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Left flaperion hinge failure.

32 posts in this topic

Posted

The 140 doesn't have the piano hinge you see  on the 150/172. It has two metal ribtails similar to the kit fox. They go into the ailerons and are secured with a bolt and nylon lock nut. 

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Posted

The 140 doesn't have the piano hinge you see  on the 150/172. It has two metal ribtails similar to the kit fox. They go into the ailerons and are secured with a bolt and nylon lock nut. 

Yes, I remembered just after writing that - been too long away from older Cessnas.  Thanks,  EDMO

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Posted (edited)

I too wish you my regards.   I can't imagine how terrifying that must have been.  Divine intervention? Perhaps.  Major kudos  however are deserved; you were at the controls.

I'm rereading the Kitfox SB #9 and they make it clear that the standard rib tails will suffer side loads but to the extent 90lbs (12g's). That's pretty robust. The reinforcement is considered mandatory on each ribtail if "the rod type mass-balance is inserted in the leading edge of the flaperon".  Presumably thats the lead filled "2 tube.

It's reasonable to assume yours was subjected to a sideload of some kind. Some have been known to fail if rotten as someone else above pointed out.  

Thank you for sharing and hopefully you'll be flying again soon.

Edited by allonsye

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Posted (edited)

Man, thanks for joining up here and telling your story!  And I'm totally with you when it comes to the media!  When my dad dunked our KF2 on floats after the 532 dropped a cyl (he swam away safely) it was crazy to see the news stories and inaccuracies and "overcoverage" merely because it had wings.  One article even dramatized the "severe" nature of the damage with a photo of the "wings ripped off" as it sat on the trailer with the wings folded neatly at it's side! :lmao:

 

As to your accident, thank God for the outcome where no one suffered permanent injury or worse.  I agree, your "distress call" (prayer) was clearly answered!  It (God's hand of protection) becomes clear and undeniable when you witness it for yourself firsthand doesn't it!  I like the part of the cell phone laying in your lap when you woke up to an airplane that was NOT on fire!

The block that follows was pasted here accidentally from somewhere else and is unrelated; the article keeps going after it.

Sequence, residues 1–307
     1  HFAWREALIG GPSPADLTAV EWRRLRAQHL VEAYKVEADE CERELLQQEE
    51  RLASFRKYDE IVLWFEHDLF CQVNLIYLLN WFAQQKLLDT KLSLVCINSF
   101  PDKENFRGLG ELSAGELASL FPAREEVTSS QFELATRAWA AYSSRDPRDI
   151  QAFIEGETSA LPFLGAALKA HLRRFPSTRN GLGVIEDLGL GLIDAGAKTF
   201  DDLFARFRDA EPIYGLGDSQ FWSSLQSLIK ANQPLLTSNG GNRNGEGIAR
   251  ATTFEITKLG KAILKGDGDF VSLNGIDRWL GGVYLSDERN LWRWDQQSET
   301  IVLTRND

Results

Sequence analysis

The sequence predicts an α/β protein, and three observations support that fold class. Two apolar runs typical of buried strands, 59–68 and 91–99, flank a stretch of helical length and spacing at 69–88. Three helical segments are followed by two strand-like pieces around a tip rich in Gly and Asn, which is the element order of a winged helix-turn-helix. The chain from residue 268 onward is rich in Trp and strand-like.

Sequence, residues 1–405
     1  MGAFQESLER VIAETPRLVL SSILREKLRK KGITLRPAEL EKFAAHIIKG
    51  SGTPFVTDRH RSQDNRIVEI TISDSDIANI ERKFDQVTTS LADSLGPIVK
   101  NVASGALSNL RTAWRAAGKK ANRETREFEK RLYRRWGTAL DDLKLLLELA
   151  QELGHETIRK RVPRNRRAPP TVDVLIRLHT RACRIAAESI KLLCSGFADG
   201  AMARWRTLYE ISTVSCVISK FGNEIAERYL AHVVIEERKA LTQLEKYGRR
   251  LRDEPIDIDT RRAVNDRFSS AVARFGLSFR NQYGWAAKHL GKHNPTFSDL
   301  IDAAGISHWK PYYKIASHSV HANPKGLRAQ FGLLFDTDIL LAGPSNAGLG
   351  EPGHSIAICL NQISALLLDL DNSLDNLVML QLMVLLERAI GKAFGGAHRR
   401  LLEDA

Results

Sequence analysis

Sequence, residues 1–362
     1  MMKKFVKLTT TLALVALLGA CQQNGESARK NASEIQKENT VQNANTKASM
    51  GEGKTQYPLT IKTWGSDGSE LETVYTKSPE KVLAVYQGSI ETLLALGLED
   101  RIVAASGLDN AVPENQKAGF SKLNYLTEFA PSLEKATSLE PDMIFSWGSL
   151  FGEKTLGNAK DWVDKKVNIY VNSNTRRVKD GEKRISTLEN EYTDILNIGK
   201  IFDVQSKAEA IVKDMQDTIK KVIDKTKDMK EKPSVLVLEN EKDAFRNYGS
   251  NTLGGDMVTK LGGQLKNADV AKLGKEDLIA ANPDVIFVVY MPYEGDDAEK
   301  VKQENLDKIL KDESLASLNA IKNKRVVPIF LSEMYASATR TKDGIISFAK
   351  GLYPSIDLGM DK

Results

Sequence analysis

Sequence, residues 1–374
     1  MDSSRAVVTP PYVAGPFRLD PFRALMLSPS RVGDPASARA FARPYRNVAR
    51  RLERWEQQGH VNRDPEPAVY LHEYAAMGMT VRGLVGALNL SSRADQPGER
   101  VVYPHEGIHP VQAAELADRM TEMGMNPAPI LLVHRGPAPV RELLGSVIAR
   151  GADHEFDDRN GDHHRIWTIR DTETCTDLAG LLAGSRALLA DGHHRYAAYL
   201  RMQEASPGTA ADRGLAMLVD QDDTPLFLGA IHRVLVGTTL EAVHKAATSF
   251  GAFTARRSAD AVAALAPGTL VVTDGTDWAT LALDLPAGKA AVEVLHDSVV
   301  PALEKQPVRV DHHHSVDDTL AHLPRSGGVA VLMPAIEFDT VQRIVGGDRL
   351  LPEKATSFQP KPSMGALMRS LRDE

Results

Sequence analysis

And I am with the rest of the group here - rooting for you to get back in the air and put that day behind you.  That was truly a freak accident, but essentially no different than a countless many auto accidents.  Of course you (and your passenger) would get back in a car again right?

Take care, look forward, and get back up there again soon!

Edited by MN Kitfox 2
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Posted

Thanks for having the courage to share the details here, we all appreciate it.   Hopefully it's a very good reminder for us all to address un-reinforced rib tails!  

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Posted

Thanks for this post.  It motivated me to inspect the hinge points on the flaperon.  The wood was not rotting but the top part of the wood was delaminating.  I epoxied the wood and am fiber glassing the extensions.  Definitely something to pay attention to.  My plane has been inside for 99.9% of its life.  My guess is the dry wood getting wet one time and the drying again caused the delamination. 

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Posted

Yea, thanks! And so glad you both are okay. Before I bought mine I did a lot of reading. The only fatality I would find was from a flaperon hinge failure like yours. They said it was because of rot.

So that is one thing I really looked closely at before the purchase. I stripped all the paint off them, made sure they were solid, painted polyurethane on them then white paint. Mine has always been hangered, but I'll sure check them closely on preflight from now on.

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